Project CARS 3 Developer Blog 4 – Power Upgrades
To better communicate their insights and reasoning behind certain Project CARS 3 development choices, Developer Slightly Mad Studios and publisher Bandai Namco initiated a new Project CARS 3 Developer Blog series in which staff members discuss certain aspects of the recently released racing title.
In the latest blog episode, Casey Ringley, who is the Lead Technical Vehicle and Handling artist at Slightly Mad Studios, gives us an inside look at the Power Upgrades feature in Project CARS 3
The digital PC download version of Project CARS 3 is available via the Steam platform for 59,99€. The CARS 3 Deluxe Edition is available for 89,99€. The Project CARS 3 season pass, including the Ignition Pack, has a price of €34,99.
In case you missed the previous Blog episodes:
Performance part upgrades in Project CARS 3 work directly with the physics engine and that has obvious consequences on how you choose to upgrade your car. Firstly, because power without control may be great fun but it’s also the fastest way to get into the scene of your accident, and secondly (and more importantly), because there are different “kinds” of power gains to be had in-game. Higher RPM range, or fatter torque—or both.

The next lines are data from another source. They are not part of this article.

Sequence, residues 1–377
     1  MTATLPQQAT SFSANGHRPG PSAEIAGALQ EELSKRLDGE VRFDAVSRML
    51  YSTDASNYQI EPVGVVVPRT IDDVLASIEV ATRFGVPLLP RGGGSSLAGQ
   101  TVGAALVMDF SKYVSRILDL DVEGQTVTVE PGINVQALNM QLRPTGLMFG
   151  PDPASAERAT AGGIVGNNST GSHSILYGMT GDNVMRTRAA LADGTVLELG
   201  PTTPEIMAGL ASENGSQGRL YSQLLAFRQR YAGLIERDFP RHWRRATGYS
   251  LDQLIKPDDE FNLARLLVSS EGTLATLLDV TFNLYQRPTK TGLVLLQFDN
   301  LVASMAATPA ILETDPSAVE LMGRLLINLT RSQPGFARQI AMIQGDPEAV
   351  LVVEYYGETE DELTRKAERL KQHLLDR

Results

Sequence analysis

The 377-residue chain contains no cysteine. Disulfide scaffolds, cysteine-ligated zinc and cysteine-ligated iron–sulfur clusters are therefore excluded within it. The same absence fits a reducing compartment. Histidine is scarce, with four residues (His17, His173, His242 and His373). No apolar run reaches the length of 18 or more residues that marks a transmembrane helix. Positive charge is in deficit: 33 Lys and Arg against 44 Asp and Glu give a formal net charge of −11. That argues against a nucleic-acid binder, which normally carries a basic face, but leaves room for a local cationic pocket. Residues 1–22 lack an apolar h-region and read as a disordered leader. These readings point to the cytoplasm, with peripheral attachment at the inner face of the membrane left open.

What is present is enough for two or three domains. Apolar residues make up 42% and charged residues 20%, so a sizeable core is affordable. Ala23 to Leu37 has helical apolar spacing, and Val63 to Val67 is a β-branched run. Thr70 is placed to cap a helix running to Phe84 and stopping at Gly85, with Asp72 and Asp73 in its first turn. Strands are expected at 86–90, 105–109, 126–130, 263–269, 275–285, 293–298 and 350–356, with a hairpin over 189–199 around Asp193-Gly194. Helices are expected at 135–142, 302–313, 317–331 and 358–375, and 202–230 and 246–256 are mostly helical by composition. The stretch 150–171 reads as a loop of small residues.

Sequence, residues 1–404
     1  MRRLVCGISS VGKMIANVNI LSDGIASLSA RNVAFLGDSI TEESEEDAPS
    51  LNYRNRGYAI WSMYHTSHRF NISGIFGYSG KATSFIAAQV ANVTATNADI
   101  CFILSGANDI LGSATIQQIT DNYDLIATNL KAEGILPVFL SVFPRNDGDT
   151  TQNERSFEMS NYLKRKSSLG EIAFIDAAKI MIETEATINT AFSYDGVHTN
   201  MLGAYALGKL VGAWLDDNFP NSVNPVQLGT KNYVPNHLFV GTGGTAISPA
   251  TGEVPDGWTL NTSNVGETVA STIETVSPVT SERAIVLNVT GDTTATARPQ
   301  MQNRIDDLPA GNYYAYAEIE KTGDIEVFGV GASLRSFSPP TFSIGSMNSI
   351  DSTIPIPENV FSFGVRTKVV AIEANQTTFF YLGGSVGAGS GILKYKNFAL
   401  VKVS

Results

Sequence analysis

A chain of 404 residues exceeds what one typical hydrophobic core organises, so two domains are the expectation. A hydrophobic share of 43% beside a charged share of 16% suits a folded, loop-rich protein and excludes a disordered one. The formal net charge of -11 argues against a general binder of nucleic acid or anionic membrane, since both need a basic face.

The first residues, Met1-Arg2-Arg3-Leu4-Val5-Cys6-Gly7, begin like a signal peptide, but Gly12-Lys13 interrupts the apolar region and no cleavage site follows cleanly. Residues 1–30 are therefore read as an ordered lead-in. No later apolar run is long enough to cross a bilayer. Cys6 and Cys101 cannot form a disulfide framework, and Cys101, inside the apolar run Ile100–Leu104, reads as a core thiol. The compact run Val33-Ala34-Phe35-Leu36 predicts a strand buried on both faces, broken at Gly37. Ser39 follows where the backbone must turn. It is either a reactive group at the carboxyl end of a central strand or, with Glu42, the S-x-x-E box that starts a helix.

How you get the type of power you want is all about what types of engine upgrades you use in-game. So let’s take a look at what they do and how they function.
Oxygen is life and it’s also key to engine performance—the cleaner the air that gets to your combustion chamber, the more power you’ll get, which is where Air Intakes come in to your upgrade equation. A camshaft, meanwhile, works by opening and closing the intake valves—the better the timing with respect to the cylinder position, the better the engine performs.
Air Intake and Camshaft upgrades are largely about getting power gains in the upper portion of the rev range and improving the engine’s breathing for higher performance close to the redline.
Engine Block Upgrades
The engine block is what holds pretty-much all the business bits of your engine—pistons, cylinders, and so on. Back in the day, these were cast iron, but that’s been replaced by aluminium to allow for the most efficient cooling of the engine.
These types of upgrades cover a wide category of parts in your engine—heads, manifolds, and pistons, for instance—which will result in a general increase in torque across the engine’s RPM range. So if you’re lacking low-end grunt out of turns, here’s a good solution.
The ECU is an electronic control unit that leads to manufacturer-approved optimal engine performance. But if you’re wanting more performance, it’s time to void your warranty and get this upgraded. The result is a fine-tuning of the engine for modest power gains, but also an increase in the rev limit so you’ll spend more time high-up in the power band where the best noise is!
Higher RPM can result in better driveability, too.
In electric cars (such as the Rimac and Lotus Evija, for example), the ECU upgrade is tantamount to changing motor maps where the lowest power map still produces over 1,000hp, and you can then progressively step up to the maximum power mode.